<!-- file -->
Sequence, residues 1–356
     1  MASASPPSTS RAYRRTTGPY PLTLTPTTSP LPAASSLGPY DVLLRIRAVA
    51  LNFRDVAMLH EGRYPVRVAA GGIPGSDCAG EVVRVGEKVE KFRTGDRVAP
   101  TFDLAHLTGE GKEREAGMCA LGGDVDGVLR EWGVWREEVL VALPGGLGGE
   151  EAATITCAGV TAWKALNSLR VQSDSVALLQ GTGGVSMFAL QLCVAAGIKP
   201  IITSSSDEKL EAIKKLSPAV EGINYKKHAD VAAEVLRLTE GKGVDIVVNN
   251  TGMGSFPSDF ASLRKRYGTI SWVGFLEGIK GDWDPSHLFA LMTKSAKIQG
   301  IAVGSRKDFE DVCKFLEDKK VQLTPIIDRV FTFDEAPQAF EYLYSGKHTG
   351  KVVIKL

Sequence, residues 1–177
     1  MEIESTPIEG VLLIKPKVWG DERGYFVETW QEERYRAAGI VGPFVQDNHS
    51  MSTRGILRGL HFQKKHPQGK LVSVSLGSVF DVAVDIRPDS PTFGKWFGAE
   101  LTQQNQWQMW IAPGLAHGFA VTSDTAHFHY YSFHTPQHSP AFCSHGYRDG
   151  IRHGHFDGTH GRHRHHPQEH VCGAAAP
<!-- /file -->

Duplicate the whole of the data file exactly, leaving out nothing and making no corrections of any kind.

Sequence, residues 1–356
     1  MASASPPSTS RAYRRTTGPY PLTLTPTTSP LPAASSLGPY DVLLRIRAVA
    51  LNFRDVAMLH EGRYPVRVAA GGIPGSDCAG EVVRVGEKVE KFRTGDRVAP
   101  TFDLAHLTGE GKEREAGMCA LGGDVDGVLR EWGVWREEVL VALPGGLGGE
   151  EAATITCAGV TAWKALNSLR VQSDSVALLQ GTGGVSMFAL QLCVAAGIKP
   201  IITSSSDEKL EAIKKLSPAV EGINYKKHAD VAAEVLRLTE GKGVDIVVNN
   251  TGMGSFPSDF ASLRKRYGTI SWVGFLEGIK GDWDPSHLFA LMTKSAKIQG
   301  IAVGSRKDFE DVCKFLEDKK VQLTPIIDRV FTFDEAPQAF EYLYSGKHTG
   351  KVVIKL

Sequence, residues 1–177
     1  MEIESTPIEG VLLIKPKVWG DERGYFVETW QEERYRAAGI VGPFVQDNHS
    51  MSTRGILRGL HFQKKHPQGK LVSVSLGSVF DVAVDIRPDS PTFGKWFGAE
   101  LTQQNQWQMW IAPGLAHGFA VTSDTAHFHY YSFHTPQHSP AFCSHGYRDG
   151  IRHGHFDGTH GRHRHHPQEH VCGAAAP